Last but not least, in our week of Saltire Society Shadow Panel blogs, we hear from those who judged the poetry shortlist!
Julie Stirling (Chair)
Having recently chaired a judging panel for the Scottish Magazine Awards, I was particularly keen to see how the process for judging a literary award differed. This discussion largely came back to the idea of self – the idea being that all poetry is open to the readers’ interpretation. Reaction, feeling and understanding of the content was centric to the discussion. With the Magazine Awards the audience was the primary focus, with the relevance of content to the reader, and the aesthetic most frequently being debated. Whilst the aesthetic was visited in our discussion, the undoubtable and unsurprising theme common to the two judging processes was the accessibility of the content.
For me, I took the approach of reading each book in its own time – allowing a day or so to digest it before starting the next. As the books are so different to one another I think this helped me not to get caught up in the contrast. I chose to start with Jim Carruths’ Killochries, due I think, to the verse novella format. I am naturally drawn to narrative and storytelling and so I treated it like a book, only ever stopping before a new chapter. Re-reading was essential to me in unravelling the layers of intent and meaning for each of the books and it was fascinating to see how they changed as I did so. The best poetry in my mind, is the stuff that sticks. Words, lines or images that I can’t shake once I’ve put the book down are a sign of something powerful. For me, it had to be Killochries: for the quiet, unhurried and deliberate delivery in the poets approach to telling the story of the two characters.
Central Hall is a beautiful venue and seemed fitting for this year’s Saltire Literary Awards. With a near front row seat I was able to take in all the action and appreciate the immense hard work that has been shown by all the nominees this year. I was introduced to some important new authors such as Helen McClory, moved by Michel Faber and his personal journey through his writing career, and entranced by the singing of Wounded Knee.
The evening finished with some delectable canapés and just one or two classes of wine… and I now have an exciting list of new books to read and will look forward to the chance to do it all again next year.
I am a student of the MLitt in Publishing Studies in Stirling, and since I have started this course, I had many wonderful opportunities to get to know Scottish literature (which is not very well-known in Germany). One of these opportunities included being part of the SYP/Saltire Literary Awards shadow judging panel for the poetry category.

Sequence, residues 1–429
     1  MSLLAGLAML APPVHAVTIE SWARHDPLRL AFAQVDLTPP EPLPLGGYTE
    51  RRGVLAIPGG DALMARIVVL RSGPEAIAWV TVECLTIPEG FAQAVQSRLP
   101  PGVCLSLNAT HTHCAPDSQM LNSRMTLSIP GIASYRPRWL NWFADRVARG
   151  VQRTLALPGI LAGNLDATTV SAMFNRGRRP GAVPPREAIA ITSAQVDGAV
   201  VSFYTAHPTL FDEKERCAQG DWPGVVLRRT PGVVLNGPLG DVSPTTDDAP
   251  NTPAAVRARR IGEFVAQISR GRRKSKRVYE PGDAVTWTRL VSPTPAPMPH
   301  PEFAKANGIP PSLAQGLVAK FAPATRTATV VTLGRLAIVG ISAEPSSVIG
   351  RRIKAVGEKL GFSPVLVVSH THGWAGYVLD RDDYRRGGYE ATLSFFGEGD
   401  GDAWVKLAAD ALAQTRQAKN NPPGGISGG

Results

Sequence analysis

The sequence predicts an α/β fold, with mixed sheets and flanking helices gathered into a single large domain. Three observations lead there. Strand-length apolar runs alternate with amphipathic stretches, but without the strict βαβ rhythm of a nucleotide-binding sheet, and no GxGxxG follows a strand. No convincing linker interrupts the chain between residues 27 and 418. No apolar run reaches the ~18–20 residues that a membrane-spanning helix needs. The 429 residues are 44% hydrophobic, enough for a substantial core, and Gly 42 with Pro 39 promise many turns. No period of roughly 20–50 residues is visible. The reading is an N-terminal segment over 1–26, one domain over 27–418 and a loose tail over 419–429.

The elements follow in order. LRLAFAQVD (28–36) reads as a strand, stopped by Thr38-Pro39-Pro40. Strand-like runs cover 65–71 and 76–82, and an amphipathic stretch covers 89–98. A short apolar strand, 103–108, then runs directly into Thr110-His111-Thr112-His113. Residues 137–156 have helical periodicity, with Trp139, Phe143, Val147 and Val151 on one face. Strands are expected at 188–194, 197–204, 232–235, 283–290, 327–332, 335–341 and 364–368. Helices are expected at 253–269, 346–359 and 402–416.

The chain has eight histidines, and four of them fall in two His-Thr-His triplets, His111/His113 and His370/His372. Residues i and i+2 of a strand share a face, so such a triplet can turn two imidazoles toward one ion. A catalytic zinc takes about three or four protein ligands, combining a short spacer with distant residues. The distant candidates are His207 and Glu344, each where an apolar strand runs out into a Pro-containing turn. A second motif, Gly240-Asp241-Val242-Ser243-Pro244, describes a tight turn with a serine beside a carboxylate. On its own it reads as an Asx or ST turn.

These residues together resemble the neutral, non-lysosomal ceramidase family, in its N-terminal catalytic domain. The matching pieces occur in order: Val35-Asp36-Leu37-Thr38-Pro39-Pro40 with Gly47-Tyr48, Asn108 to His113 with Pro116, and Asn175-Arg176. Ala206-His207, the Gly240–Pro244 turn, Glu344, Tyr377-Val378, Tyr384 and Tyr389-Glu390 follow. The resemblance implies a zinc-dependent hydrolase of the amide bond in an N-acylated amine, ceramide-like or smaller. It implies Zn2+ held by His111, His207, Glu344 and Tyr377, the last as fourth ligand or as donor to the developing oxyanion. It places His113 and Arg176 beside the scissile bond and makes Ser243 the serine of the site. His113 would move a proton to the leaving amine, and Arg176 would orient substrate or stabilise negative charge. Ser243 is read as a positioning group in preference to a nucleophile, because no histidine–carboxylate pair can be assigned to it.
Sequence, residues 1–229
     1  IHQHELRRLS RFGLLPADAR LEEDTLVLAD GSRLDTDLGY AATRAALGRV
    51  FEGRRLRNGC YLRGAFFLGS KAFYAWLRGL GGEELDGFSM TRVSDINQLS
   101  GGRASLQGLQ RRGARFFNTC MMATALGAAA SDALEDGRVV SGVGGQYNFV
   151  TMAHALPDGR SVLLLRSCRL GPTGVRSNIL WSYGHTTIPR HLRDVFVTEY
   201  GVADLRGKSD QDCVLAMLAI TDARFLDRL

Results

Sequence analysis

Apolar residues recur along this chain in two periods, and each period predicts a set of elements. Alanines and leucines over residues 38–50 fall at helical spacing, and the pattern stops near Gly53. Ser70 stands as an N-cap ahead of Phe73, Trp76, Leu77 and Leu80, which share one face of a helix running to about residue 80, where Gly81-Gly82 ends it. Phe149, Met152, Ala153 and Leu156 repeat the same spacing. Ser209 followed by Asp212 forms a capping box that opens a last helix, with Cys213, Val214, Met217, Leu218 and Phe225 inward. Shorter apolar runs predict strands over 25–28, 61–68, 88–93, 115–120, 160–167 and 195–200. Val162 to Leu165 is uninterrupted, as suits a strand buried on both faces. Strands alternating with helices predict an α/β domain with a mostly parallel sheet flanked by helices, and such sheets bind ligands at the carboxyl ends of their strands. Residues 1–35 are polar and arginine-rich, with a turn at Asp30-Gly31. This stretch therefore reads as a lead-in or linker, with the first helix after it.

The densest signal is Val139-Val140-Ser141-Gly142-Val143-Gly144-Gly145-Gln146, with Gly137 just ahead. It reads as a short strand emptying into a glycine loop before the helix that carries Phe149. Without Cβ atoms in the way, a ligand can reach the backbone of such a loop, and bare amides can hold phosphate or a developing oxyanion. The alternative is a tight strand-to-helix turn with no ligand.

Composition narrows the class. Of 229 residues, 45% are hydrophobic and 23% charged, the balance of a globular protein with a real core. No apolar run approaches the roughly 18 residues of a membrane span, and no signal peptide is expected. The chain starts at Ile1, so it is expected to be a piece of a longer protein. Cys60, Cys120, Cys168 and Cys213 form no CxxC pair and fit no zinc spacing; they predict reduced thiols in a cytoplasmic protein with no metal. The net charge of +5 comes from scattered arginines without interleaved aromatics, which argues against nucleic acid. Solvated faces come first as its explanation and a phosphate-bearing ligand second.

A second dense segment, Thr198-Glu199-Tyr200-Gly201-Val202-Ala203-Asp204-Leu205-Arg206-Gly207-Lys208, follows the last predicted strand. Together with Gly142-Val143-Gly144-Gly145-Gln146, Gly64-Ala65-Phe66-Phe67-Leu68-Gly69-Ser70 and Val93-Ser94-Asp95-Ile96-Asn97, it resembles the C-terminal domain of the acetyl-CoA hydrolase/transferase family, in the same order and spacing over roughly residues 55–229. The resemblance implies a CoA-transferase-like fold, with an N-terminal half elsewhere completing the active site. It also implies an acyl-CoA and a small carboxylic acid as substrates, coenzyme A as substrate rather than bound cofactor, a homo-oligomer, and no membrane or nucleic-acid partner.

These shortlisted poetry collections were my first exposure to Scottish poetry, and I liked the distinct imagery of Scottish nature prominent in both The Cream of the Well and Killochries. The discussions of the collections with my fellow shadow judges were thorough, and everyone liked and disliked different aspects of the selected books. I was delighted to see my favourite collection win the Poetry Award, even if I sadly could not make it to the awarding ceremony.
I was quite pleased and excited to be a part of the shadow judging panel. It was so nice to sit and discuss poetry with people who share a similar interest in such a beautiful literary art form. I also enjoyed experiencing a somewhat similar process that panel judges partake in when choosing a book for an award.
As for the reading process, I sometimes found it a bit difficult to make my way through the books that I didn’t feel any connection with. For me, I want reading poetry to evoke some sort of emotional connection when I read it. If the text fails to do that, making my way through the book feels somewhat forced and unenjoyable.
My favorite book within the selection came to be Killochries by Jim Carruth. The text not only touched on spiritual and emotional levels, but reminded me of home. I also enjoyed this book as a story and not just a collection. It’s very rare that authors partake in poetic storytelling, and, to see that in a modern setting is refreshing. I sadly couldn’t attend the ceremony, but I followed closed via Twitter. Thank goodness for technology!
I am studying the MLitt Publishing Studies course at Stirling University and I recently shadowed judged on the Saltire Society’s Poetry book of the year panel. I really enjoyed the experience of having the taste of what its like to be a judge on a competition. I found it very interesting and loved reading the books especially The Cream of the Well by Valerie Gillies and Killochries by Jim Carruth. It was a great experience. I unfortunately did not make the event, which was disappointing as I would have like to have heard from the other panels and have seen the poets of the books that I read. A huge congratulations to Ryan Van Winkle for his book The Good Dark, which I really enjoyed. His poetry was very dark and real. The cover drew me in immediately. I would recommend others to apply to be on the panel. The night at the Saltire Society in Edinburgh was a great ONE. It was interesting hearing the opinions of the others on which book should win and how their insights changed my own mind about the books. Thanks to SYP for giving me the chance to be on the shadow panel!